Intended for healthcare professionals

Feature Sugar

Sugar: spinning a web of influence

BMJ 2015; 350 doi: (Published 11 February 2015) Cite this as: BMJ 2015;350:h231

Re: Sugar: spinning a web of influence

Gornall alleges that the scientists he names in his series are influenced by the food industry to work against the cause of public health but produces no evidence of this. Instead, he collects quotes from people to suggest that the current policies are not working, which he attributes to the malign operations of the food industry, working at least partly through these scientists.

The opposite appears to be the case. For example, the SACN report proposed that no more than 5% of a person’s energy intake should be in the form of sugar. In the UK, the average child consumes about 15% and the average adult about 12% of their energy as sugars. The SACN target is much lower than current UK intake. It is hard to see how policy actions would be different if the target had been set lower, say to 3%., if Gornall is correct and that SACN target was pulled upwards by industry-influenced scientists. The problem of nutrition is not what we should eat but how we persuade ourselves to eat it.

There is broad consensus in public health that we need wholesale shifts in the food environment that put the sugary treats we like to eat out of consciousness. There is no chance of imposing this change on politicians or the public who currently neither share nor want this vision. We need instead to build consensus that such change is necessary. The gains in tobacco control that regulated the market were achieved by patient consensus building. Attacking scientists leading this work damages this cause because it undermines the trust of public and professionals in the science that underpins these recommendations. Arguing for a more radical vision than the Responsibility Deal could ever deliver does not require commentators to be blind to or criticise the gains achieved by it.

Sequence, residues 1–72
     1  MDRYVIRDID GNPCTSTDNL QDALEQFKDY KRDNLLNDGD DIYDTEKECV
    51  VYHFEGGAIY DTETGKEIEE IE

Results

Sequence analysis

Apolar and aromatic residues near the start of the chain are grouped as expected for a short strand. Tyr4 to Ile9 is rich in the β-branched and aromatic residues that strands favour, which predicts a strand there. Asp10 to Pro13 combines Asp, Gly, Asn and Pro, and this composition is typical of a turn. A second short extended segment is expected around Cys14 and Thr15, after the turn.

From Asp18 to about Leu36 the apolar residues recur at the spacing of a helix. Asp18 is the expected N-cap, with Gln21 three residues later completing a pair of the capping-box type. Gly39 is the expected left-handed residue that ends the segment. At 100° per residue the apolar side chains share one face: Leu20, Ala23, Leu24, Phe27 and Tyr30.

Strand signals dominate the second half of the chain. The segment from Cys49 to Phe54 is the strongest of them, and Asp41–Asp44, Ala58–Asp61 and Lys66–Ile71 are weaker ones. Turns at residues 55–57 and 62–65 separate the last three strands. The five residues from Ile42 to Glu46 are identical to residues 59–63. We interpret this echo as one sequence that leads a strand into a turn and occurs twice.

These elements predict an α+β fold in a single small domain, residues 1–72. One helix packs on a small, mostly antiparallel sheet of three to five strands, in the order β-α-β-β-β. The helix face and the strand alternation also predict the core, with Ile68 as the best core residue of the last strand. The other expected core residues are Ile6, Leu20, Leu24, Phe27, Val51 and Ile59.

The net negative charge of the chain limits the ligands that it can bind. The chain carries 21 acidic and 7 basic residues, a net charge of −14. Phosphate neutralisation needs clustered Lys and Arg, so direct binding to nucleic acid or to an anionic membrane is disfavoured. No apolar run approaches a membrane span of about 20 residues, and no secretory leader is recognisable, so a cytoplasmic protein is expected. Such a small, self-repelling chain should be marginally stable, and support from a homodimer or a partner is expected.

There is a strong tide of sanctimony in British public health and riding this tide is a luxury more easily enjoyed by commentators than those who are actively involved in improving health. The reality is that the scientists named in Gornall’s reports deserve to sleep the sleep of the just. I am privileged and proud to work with Susan Jebb, one of the scientists named. The sadness of this kind of attack is that I have seen the very real personal toll. It is just one more way that this BMJ series has harmed health.

Competing interests: I am working on two current trials of weight management in primary care in which commercial weight loss companies (Slimming World, Rosemary Conley, and Weight Watchers) donate free 12-week treatment courses to the NHS that that NHS would otherwise have paid for. This is not a benefit to me personally or my department. I have given and received hospitality on a few occasions to members of these companies. I have also worked with the pharmaceutical industry on smoking cessation. Once in the past three years I gave a day's consultancy to Pfizer on general topics related to smoking cessation that led to payments to me and the University of Oxford.

12 February 2015
Paul Aveyard
Professor of behavioural medicine
University of Oxford
Nuffield Depatment of Primary Care Health Sciences, Woodstock Road, Oxford OX2 6GG